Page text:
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by John Charlton

There is nothing more fascinating than the story of the Original 13th Amendment, how it was ratified, accepted by the Federal Government, and subsequently omitted, forgotten and denied by a national political elite which pandered for handouts from foreigners.  The original Amendment imposed the penalty of the loss of U.S. citizenship on anyone who took money or favors from foreign governments.

To understand the history behind the original 13th Amendment, I decided to seek an interview with one or more of the members of the TONA Committee who have spent nearly a generation investigating and researching its history.

The TONA Committee worked together to answer the questions I submitted, but for the sake of format, I have laid out the interview, as if I spoke with Mrs. Suzanne Nevling, one of the committee members.


"The Constitution of the United States", published by Benjamin B. Russel, Boston, 1811.
The Constitution of the United States: Benj. B. Russel edition of 1811.

MR. CHARLTON: I honestly admit I had never heard of the TONA Committee or its work, before today, when I stumbled upon a link to it at a blog. Can I ask you to introduce yourself to the readers of The Post & Email, and then say something about what the TONA is about?

MRS. NEVLING: TONA is the acronym for Titles Of Nobility Amendment. It is also commonly known as the Original 13th Amendment. The TONA Committee is a largely ad hoc working group of friends and comrades in the self-funded pursuit of the factual truth about this American history constitutional issue.

Starting around 1983, the first pioneering work was accomplished by David Dodge, when David and a friend, former Baltimore police investigator Mr. Tom Dunn (now deceased), were searching through public records stored at the Belfast Library of Maine, for evidence of government corruption. They unexpectedly found the oldest authentic state of Maine copy of the United States Constitution still in existence; printed in 1825. They were stunned to see that this Constitution included a 13th Amendment they had never seen before. Not only did he stumble upon a mystery, but he investigated it for many years, with an unwavering determination to find the truth. We all owe Mr. Dodge a great debt of gratitude for his persistence.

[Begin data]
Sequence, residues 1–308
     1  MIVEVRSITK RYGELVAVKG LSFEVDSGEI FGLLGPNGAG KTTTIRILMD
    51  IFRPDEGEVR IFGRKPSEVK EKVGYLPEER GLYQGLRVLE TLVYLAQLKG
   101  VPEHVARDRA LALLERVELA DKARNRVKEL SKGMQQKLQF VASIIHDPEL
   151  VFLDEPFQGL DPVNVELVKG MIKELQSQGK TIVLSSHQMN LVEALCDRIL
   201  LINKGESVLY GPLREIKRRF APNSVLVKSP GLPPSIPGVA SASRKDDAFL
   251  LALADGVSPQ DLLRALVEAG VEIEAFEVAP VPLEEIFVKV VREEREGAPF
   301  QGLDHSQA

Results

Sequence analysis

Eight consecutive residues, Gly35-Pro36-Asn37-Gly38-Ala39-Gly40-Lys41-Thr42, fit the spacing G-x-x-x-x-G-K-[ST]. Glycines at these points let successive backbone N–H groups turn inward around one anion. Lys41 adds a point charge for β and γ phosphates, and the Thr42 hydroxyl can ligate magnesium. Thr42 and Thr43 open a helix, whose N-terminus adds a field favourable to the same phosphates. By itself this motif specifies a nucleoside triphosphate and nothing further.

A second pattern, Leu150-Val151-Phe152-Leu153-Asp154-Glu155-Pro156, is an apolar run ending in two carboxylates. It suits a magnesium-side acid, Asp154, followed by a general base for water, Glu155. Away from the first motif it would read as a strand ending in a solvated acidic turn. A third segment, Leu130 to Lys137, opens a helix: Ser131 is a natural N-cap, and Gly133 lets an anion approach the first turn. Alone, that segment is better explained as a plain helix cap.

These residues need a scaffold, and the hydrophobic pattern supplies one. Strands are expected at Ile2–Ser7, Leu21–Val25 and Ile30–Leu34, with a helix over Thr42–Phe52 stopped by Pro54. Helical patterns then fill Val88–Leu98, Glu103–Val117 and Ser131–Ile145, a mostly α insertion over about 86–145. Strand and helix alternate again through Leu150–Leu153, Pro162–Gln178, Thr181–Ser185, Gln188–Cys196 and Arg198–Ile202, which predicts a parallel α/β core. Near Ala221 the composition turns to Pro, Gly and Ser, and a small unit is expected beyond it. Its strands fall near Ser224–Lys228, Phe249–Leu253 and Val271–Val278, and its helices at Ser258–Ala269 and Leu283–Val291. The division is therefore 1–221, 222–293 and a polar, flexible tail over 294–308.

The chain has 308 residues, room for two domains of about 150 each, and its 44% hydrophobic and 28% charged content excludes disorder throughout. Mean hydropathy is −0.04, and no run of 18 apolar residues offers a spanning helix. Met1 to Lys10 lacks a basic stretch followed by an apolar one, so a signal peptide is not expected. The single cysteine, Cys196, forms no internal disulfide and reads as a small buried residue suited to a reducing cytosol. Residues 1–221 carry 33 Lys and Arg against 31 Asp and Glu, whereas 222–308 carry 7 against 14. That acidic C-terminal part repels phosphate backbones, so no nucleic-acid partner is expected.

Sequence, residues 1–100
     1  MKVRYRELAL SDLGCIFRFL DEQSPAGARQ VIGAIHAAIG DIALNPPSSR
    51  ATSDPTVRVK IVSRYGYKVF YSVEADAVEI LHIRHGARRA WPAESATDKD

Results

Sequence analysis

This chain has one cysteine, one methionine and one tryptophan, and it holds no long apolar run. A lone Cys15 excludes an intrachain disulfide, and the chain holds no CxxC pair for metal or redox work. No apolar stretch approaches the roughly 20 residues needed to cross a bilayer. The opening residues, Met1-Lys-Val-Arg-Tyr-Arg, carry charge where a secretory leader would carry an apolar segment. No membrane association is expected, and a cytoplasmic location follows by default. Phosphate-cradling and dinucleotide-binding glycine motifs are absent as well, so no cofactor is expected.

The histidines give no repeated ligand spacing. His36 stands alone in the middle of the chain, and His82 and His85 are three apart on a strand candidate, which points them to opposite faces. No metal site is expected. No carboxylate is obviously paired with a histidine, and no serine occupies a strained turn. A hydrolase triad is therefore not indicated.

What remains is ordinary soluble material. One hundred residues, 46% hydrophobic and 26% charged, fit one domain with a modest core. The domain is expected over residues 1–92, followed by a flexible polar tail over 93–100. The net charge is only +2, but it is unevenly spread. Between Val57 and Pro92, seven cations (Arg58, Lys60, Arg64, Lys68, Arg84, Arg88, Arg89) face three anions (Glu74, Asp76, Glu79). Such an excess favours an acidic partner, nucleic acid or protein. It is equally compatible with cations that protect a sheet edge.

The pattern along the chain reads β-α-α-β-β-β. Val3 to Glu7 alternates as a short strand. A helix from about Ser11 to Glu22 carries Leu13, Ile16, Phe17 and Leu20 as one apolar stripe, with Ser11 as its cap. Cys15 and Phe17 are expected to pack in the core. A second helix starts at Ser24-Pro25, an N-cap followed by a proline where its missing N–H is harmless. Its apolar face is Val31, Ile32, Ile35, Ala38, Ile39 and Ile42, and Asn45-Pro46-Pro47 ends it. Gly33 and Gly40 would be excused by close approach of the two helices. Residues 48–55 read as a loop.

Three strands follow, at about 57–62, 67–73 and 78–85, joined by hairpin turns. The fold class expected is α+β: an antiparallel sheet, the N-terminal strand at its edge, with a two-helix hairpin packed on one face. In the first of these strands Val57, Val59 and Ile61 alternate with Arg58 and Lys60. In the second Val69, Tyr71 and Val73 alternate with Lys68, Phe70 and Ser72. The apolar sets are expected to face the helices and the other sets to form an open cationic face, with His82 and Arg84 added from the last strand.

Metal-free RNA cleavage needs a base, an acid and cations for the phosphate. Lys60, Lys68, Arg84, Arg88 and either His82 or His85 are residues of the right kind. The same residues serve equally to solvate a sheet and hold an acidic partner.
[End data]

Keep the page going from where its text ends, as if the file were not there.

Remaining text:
Another close friend of David Dodge’s, Brian March, also joined forces with him to pursue many years of self-funded very active research around the country to find out as much as could be found about this amendment’s history. For a number of years they spoke (jointly or separately) to interested audiences around the country.

None of us know at what point our now deceased dear friend Barefoot Bob Hardison joined the effort. But we do know he continued his efforts almost till the day he died the end of January this year.

The last three formal members, Richard Green and Alan, my husband, and I were accepted as serious researchers sometime during President Clinton’s first term.

Richard Green is a Yale University graduate with a degree in American history. He recalls that the post-1996 Clinton-Gore re-election scandal inspired him to research election law and the history of elections. That led to his acquaintanceship with Bob Hardison who alerted him about this amendment ‘anomaly’. Some of Richard’s friends then in the patriot community also knew of it but only had copies of Xeroxed pages.